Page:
Text and photos by Terri Peters
SmartGeometry is an international community of academics and professionals who hold annual workshops and conference days at academic institutions around the world. Now in its ninth year, this year´s theme was Material Intensities and both the four-day workshop and conference day was held at Rensselaer Polytechnic Institute’s Experimental Media and Performing Arts Center in Troy, New York. Sponsored by software company Bentley, the next event will be held in London in 2013. Previous Archinect features reported on SmartGeometry 2009 in San Francisco and SmartGeometry 2011 in Copenhagen.
This year, there were ten workshop groups and about 100 participants in the ten research “clusters”. Each cluster presented a challenge to its participants relating to an idea about materials, with the aim to develop digital tools and physical prototypes during the workshop. Rather than a traditional teacher-student workshop dynamic, the SmartGeometry groups are arranged as collaborations between multi-disciplinary designers based on their interests and expertise.
There were clusters experimenting with ceramics, bent wood strips, electroactive polymers, thermally active paint, glass façade systems, clay, CNC cut foam, and plexi-glass. But it was how the materials were used that made the work even more interesting. The clusters experimented with robotic arms, arduinos, Microsoft Kinects, and making their own materials using various laboratory facilities. As with previous years, the groups used a mix of digital fabrication methods and making by hand, often mixing techniques in the same project.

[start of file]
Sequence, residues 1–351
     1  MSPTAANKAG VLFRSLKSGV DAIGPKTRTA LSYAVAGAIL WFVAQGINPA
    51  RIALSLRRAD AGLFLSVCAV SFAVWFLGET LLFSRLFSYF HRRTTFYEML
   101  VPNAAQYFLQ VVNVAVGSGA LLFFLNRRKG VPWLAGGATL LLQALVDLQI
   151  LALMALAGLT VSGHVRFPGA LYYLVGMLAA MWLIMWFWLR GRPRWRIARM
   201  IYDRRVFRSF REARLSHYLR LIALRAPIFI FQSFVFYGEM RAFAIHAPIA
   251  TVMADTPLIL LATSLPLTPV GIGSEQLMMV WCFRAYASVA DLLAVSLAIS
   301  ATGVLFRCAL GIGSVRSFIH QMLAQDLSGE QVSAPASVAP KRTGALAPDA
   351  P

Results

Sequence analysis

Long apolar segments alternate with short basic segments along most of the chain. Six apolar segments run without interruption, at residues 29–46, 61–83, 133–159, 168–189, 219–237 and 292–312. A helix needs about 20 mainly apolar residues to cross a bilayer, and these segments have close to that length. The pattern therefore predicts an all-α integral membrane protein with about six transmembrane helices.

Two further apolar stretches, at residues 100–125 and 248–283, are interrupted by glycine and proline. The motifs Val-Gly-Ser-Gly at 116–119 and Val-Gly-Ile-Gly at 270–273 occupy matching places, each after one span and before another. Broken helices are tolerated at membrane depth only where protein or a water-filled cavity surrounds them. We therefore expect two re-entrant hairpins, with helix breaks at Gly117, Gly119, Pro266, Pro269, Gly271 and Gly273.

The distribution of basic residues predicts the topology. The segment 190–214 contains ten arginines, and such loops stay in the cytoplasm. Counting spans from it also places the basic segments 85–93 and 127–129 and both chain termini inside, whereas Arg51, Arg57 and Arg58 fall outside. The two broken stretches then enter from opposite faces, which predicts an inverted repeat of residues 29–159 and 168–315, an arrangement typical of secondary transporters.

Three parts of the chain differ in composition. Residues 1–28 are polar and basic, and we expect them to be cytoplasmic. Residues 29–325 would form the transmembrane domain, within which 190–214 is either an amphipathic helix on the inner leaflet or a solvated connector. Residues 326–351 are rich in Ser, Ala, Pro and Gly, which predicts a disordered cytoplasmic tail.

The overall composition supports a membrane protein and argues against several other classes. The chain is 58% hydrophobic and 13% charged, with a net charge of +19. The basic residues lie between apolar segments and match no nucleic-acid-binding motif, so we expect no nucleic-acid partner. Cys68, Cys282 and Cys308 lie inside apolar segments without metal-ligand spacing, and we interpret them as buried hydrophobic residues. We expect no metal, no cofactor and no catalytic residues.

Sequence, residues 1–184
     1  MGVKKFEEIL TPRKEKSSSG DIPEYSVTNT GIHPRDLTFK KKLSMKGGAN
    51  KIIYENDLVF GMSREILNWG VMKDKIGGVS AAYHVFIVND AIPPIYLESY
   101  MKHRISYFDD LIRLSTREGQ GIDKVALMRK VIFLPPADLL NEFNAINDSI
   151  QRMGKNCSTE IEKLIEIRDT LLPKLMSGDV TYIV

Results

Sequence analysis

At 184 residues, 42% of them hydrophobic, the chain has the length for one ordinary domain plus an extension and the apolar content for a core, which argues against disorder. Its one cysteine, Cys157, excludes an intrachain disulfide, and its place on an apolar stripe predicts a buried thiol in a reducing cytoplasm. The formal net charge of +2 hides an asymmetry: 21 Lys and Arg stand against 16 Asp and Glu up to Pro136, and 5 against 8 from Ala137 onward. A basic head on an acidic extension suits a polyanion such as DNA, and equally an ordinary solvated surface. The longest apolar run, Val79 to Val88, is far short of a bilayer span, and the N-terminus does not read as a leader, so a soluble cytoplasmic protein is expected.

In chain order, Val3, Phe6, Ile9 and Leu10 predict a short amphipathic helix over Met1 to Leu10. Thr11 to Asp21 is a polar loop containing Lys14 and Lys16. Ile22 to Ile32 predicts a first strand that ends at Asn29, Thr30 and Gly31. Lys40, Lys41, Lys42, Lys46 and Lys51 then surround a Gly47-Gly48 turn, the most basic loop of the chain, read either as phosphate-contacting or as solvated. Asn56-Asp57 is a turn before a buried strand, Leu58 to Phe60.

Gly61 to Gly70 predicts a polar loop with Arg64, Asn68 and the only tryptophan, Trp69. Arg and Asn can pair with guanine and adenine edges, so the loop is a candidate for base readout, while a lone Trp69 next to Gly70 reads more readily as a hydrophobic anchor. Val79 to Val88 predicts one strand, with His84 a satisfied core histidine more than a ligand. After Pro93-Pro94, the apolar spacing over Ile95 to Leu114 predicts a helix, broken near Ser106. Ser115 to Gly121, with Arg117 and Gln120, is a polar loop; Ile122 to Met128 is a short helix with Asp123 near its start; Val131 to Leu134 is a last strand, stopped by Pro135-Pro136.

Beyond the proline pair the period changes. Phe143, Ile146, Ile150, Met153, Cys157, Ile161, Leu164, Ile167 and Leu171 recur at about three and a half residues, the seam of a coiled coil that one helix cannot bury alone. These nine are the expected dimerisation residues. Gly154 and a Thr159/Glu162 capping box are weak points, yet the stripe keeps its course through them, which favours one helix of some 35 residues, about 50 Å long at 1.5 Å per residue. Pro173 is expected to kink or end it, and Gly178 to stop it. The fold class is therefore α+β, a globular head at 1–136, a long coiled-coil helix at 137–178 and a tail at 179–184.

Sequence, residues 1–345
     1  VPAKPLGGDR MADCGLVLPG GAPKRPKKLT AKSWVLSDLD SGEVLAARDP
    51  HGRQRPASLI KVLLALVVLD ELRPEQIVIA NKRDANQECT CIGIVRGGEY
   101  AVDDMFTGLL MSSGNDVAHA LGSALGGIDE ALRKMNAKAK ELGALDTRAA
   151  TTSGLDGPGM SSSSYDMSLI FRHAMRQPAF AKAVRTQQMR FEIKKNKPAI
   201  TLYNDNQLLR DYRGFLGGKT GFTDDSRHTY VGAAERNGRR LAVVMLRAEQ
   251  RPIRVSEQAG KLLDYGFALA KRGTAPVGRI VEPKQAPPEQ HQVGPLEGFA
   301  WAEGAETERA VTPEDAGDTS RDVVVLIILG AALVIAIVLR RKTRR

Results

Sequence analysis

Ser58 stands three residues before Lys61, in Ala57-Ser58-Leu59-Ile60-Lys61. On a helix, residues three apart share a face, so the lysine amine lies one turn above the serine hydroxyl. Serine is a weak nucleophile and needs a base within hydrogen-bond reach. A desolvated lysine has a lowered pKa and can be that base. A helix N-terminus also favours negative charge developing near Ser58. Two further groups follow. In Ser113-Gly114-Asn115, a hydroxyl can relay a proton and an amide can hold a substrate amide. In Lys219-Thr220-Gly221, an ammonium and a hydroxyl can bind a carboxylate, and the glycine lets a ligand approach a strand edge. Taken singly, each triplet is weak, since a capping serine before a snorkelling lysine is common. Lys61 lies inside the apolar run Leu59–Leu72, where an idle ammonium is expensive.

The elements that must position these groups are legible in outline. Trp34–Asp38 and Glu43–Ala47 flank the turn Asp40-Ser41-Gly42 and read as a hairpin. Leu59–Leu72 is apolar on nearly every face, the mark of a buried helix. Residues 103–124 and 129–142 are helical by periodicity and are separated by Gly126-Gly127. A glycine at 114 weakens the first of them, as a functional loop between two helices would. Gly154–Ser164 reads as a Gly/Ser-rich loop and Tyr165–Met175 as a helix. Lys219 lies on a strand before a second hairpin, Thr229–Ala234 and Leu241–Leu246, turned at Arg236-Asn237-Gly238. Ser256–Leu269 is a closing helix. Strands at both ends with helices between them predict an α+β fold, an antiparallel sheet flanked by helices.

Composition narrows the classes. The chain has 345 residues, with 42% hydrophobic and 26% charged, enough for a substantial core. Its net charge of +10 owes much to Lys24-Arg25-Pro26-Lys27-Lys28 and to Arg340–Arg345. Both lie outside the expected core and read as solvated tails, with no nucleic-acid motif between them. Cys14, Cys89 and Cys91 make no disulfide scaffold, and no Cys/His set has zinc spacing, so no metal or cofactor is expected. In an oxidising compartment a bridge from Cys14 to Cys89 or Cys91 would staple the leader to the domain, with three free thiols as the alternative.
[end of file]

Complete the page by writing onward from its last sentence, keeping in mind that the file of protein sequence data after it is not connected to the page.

The workshops offered the chance for practitioners from top international offices such as UN Studio, Foster+Partners, SOM, Arup, Aedas, Grimshaw, 3XN and others to work side by side with researchers from Harvard GSD, the Architectural Association, University of Pennsylvania, California Collage of the Arts, University College London, RMIT Melbourne, University of Oregon, and others in a non-competitive and collaborative environment. The intense workshop format and way that the groups all worked side by side allowed participants to learn from the in progress work of other groups, accessing inspiration and expertise as needed.